DENNIS ODA / DODA@STARBULLETIN.COM
Eva Ikeda and her family's Moiliili Mochi and Candies and the Peanut Shop in Liliha has been in existence for more than 50 years in various locations, but is closing on July 23.
No more sweets
Tight economy shuts down a sweet fixture
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Moiliili Mochi and Candies and the Peanut Shop on Liliha Street will shut down on July 23 after more than 50 years in business.
The mom-and-pop operations owned by Jared and Eva Ikeda couldn't sustain Hawaii's rising real estate prices, which have significantly soared in recent years. The husband-and-wife team, in their mid-60s, weren't planning to retire, but couldn't afford the latest lease rent increase for the aged 1,000-square-foot shop and failed to find another feasible location in town.
The businesses have been a mainstay for longtime residents who come from as far as Kaneohe and Pearl City to buy a variety of mochi, peanuts, seeds, mochi crunch, dried fruits and tea cookies.
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Hawaii's rising real estate prices have driven another small mom-and-pop operation out of business.
Moiliili Mochi and Candies and the Peanut Shop, two separate businesses at 1619 Liliha St., will shut down on July 23 after more than 50 years.
Owners Jared and Eva Ikeda, in their mid-60s, weren't planning to retire this early, but couldn't afford the latest lease-rent increase for the aged 1,000-square-foot shop. The couple also exhausted all options in trying to find another feasible location in town.
Despite weathering financial hardships -- including rising gas prices and periodic economic slowdowns -- since buying both businesses in the mid-1980s, the Manoa couple decided it was time to close shop.
"We've managed to stay afloat all these years because of our loyal customer base and demand for products," Jared said. "When real estate prices start going up it takes a big chunk; the small things we can try to work out, but when you get stuck with a big decision like relocating and starting up again, it's sort of difficult. We're not getting any younger."
"Eva said her husband's health issues were another reason the couple decided to close.
The Ikedas bought the peanut shop, established by Bob and Mildred Nako on Beretania Street, in 1985. And a year later, they took over the mochi business, founded by the Motooka family on the corner of King Street and University Avenue.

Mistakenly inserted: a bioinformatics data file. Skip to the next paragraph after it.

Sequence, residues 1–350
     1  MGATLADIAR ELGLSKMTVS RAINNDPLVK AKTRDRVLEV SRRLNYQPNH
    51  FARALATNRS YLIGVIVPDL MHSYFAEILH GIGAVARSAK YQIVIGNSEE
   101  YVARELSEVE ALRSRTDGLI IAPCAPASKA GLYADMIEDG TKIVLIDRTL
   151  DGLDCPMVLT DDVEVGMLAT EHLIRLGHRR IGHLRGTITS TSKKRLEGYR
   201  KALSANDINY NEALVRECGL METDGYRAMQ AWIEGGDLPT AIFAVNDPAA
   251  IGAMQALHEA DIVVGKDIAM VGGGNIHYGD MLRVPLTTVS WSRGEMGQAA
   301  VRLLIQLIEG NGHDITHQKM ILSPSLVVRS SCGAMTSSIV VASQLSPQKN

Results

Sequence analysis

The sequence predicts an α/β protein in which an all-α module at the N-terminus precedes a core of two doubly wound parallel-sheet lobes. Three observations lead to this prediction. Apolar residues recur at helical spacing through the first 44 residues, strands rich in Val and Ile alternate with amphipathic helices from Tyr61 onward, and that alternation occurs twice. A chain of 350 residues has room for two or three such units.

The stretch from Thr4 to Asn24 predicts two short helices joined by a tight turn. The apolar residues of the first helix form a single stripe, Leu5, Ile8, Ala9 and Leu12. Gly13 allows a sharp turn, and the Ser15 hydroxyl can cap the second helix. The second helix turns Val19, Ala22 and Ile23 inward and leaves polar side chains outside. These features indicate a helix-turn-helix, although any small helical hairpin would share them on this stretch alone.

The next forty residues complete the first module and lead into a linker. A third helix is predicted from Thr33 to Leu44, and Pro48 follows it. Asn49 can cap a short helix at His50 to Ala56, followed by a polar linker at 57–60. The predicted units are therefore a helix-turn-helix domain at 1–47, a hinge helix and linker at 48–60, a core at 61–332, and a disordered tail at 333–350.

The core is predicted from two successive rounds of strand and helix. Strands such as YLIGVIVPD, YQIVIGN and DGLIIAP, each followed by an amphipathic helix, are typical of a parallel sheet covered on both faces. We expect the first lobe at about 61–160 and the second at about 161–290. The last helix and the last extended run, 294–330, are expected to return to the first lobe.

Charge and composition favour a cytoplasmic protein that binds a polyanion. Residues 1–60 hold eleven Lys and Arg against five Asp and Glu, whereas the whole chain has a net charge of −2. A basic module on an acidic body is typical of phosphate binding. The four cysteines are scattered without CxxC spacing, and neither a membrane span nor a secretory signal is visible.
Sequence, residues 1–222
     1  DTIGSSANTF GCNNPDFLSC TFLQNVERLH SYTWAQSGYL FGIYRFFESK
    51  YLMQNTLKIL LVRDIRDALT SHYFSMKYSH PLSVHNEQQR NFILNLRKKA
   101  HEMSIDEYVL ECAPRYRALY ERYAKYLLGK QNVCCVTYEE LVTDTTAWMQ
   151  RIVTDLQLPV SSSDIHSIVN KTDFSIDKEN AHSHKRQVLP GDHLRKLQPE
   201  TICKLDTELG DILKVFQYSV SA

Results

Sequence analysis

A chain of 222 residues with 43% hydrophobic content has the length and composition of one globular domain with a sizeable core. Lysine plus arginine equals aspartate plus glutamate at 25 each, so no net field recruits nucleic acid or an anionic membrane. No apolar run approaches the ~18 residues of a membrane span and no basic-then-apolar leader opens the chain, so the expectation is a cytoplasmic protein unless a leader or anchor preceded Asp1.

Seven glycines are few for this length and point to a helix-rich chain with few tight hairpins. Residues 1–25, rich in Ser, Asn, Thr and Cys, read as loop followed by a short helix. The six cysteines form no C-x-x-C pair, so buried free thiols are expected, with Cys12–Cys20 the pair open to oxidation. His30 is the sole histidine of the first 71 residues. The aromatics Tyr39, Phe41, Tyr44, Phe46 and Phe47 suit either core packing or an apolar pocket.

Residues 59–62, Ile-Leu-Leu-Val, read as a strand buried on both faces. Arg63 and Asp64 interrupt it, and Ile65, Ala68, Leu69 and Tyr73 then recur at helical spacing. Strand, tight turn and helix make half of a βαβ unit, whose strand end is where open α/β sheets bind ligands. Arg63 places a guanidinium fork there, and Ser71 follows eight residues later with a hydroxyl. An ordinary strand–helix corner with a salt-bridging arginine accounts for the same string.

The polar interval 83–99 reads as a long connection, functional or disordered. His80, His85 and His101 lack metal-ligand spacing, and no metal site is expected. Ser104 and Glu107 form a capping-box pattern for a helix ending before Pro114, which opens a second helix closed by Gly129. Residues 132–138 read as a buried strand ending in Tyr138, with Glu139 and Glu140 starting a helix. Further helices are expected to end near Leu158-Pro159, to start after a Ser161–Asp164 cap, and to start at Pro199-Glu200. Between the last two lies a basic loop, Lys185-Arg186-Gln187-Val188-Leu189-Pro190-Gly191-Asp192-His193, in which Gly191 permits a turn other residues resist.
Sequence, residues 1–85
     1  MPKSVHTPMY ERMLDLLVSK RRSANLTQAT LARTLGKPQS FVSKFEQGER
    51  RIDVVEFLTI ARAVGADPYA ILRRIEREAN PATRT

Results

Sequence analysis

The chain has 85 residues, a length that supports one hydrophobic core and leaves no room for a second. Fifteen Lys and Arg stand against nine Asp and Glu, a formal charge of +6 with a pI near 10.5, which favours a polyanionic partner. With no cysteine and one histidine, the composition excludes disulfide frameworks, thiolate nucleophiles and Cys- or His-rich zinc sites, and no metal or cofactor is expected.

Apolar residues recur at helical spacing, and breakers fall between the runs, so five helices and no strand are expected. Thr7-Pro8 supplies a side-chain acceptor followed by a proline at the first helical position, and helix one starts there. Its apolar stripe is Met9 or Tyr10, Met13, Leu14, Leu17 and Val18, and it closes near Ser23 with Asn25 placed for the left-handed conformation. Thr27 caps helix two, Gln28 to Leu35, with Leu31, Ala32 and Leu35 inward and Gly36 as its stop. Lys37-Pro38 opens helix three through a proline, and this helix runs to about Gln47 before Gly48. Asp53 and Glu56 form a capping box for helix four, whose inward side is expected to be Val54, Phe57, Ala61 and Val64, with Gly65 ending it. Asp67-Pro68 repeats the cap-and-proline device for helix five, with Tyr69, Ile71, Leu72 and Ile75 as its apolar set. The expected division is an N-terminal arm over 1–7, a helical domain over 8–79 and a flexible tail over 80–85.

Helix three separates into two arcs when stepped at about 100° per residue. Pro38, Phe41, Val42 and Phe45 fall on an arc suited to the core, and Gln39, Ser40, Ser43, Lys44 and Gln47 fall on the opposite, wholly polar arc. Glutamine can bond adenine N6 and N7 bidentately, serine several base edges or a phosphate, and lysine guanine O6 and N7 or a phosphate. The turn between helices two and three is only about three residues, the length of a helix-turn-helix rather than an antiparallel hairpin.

In 1991, they downsized the businesses and moved them to one location in Liliha, where they sell 13 different types of mochi, four kinds of peanuts, seeds, mochi crunch, dried fruits and tea cookies.
Love for labor-intensive mochi making and peanut boiling has resulted in countless New Year's when the family wouldn't sleep for several days to ensure orders were filled.
DENNIS ODA / DODA@STARBULLETIN.COM
After 50 years in business, the Moiliili Mochi and Candies and the Peanut Shop, located at 1619 Liliha St., is closing its doors on July 23.
Over the years, the Ikedas have had to compete with larger businesses and overcome financial difficulties resulting from changes in the law, including a ban on bringing food into Aloha Stadium during University of Hawaii football games, which is big business for the peanut makers. The family eventually won a contract to sell peanuts in the stadium, one of Eva's favorite pastimes despite the long hours.
"I like to work hard," Eva said.
The evidence of years of grueling work from 6:30 a.m. to 4 p.m. six days a week is evident to customers.
"These guys are the greatest," said Jay, a 17-year customer and business neighbor who declined to disclose his last name. "This is the kind of places we need more of. I'm going to miss this place. I've been friends with everyone over the years."
"The comfortable, family-style atmosphere was the reason the couple's three employees have been loyal to the company for nearly two decades.
"I had the best bosses ever," said Lisa Ho, who has worked for the Ikedas for 17 years. "We always joke around, it's my second family."
"One of the Ikedas' fondest memories were of their three children, two daughters and son now in their 30s, who were raised in the businesses, where they learned how to use the old manual cash register and give change to customers. The children still help in the family business when needed.
The closure is a bittersweet end of an era for the husband-and-wife team, who will start their new jobs baby-sitting their grandchildren.
"Over the years we've had so many regular customers, it's like second nature," Jared said. "You expect them to be walking in the door and talking story with them. The sad part is all these things are disappearing. When you walk into big stores like Wal-Mart and Kmart, they don't have that interaction and that feeling. People don't realize it until the businesses are gone."